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Encyclopedia > Diamond
Diamond

A scattering of round-brilliant cut diamonds shows off the many reflecting facets.
General
Category Native Minerals
Chemical formula C
Identification
Molecular Weight 12.01 u
Color Typically yellow, brown or gray to colorless. Less often in blue, green, black, translucent white, pink, violet, orange, purple and red.[1]
Crystal habit Octahedral
Crystal system Isometric-Hexoctahedral (Cubic)
Cleavage 111 (perfect in four directions)
Fracture Conchoidal - step like
Mohs Scale hardness 10[1]
Luster Adamantine[1]
Polish luster Adamantine[1]
Refractive index 2.4175–2.4178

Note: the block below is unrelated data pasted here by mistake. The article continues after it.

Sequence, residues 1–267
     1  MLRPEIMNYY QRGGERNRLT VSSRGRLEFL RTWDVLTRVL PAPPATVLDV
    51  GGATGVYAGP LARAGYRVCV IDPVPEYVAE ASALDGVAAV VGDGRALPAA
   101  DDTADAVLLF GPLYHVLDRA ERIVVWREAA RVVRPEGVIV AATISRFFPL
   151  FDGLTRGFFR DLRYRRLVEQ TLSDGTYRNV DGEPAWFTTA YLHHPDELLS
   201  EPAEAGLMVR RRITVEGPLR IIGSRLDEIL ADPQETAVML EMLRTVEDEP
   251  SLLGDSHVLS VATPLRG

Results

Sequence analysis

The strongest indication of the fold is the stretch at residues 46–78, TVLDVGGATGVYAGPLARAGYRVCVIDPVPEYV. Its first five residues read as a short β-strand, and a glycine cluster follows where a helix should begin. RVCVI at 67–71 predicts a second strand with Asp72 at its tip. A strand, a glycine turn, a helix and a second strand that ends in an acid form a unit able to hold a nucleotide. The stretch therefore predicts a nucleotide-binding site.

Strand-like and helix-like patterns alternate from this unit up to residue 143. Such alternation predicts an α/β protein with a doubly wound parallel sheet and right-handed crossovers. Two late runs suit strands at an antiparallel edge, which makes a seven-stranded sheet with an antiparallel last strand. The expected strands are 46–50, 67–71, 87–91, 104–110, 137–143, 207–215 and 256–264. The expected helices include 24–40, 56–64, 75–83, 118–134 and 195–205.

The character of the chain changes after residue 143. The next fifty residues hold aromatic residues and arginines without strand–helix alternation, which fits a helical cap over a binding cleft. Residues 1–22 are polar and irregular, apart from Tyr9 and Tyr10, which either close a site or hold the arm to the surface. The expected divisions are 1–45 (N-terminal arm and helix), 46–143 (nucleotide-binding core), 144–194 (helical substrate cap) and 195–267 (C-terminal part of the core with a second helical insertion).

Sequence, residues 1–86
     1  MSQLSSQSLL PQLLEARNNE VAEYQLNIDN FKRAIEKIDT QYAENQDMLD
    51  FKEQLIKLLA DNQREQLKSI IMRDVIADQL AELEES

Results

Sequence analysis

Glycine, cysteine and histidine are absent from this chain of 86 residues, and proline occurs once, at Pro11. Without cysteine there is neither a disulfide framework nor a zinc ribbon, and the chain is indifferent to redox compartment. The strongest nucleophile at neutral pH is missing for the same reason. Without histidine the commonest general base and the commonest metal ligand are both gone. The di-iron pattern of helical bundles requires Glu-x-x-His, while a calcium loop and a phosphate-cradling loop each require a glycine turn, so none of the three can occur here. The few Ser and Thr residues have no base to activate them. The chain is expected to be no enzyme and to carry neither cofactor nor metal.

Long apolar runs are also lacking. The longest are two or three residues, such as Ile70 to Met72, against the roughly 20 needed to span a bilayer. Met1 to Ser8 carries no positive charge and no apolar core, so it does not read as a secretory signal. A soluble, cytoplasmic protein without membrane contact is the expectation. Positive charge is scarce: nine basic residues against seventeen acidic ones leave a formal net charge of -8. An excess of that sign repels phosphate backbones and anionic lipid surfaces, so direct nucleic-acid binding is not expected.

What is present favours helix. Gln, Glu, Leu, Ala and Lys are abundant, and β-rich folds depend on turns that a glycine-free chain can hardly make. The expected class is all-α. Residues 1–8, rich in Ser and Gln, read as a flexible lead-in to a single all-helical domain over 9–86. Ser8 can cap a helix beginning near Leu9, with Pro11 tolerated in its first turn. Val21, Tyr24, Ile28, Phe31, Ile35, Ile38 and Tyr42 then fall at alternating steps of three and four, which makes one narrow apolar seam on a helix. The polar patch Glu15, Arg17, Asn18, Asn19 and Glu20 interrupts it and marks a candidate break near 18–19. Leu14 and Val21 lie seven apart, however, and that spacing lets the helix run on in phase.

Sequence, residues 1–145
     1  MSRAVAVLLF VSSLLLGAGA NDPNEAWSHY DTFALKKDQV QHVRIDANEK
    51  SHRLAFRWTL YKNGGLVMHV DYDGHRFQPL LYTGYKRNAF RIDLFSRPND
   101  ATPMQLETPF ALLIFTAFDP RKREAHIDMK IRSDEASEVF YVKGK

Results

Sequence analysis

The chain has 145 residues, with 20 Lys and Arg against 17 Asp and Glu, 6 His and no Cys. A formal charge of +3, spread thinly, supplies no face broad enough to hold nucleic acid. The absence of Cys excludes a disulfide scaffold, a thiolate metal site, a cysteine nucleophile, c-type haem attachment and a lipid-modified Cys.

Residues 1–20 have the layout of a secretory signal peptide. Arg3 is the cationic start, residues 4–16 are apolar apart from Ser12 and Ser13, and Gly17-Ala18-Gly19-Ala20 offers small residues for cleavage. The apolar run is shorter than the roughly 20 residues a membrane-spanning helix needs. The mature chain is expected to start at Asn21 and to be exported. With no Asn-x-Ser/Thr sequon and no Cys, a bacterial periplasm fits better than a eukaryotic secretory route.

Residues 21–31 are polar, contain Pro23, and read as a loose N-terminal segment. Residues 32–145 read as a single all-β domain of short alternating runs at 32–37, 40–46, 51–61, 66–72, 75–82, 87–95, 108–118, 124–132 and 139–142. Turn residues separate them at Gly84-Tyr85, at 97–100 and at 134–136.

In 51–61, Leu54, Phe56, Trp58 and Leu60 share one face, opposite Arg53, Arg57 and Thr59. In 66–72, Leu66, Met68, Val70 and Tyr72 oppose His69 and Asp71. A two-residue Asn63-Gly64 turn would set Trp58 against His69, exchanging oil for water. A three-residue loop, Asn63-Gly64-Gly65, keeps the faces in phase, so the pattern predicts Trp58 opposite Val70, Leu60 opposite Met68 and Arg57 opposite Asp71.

Optical Properties Singly Refractive[1]
Birefringence none[1]
Dispersion .044[1]
Pleochroism none[1]
Ultraviolet fluorescence colorless to yellowish stones - inert to strong in long wave, and typically blue. Weaker in short wave.[1]
Absorption spectra In pale yellow stones a 415.5 nm line is typical. Irradiated and annealed diamonds often show a line around 594 nm when cooled to low temperatures.[1]
Streak White
Specific gravity 3.52 (+/- .01)[1]
Density 3.5-3.53
Diaphaneity Transparent to subtransparent to translucent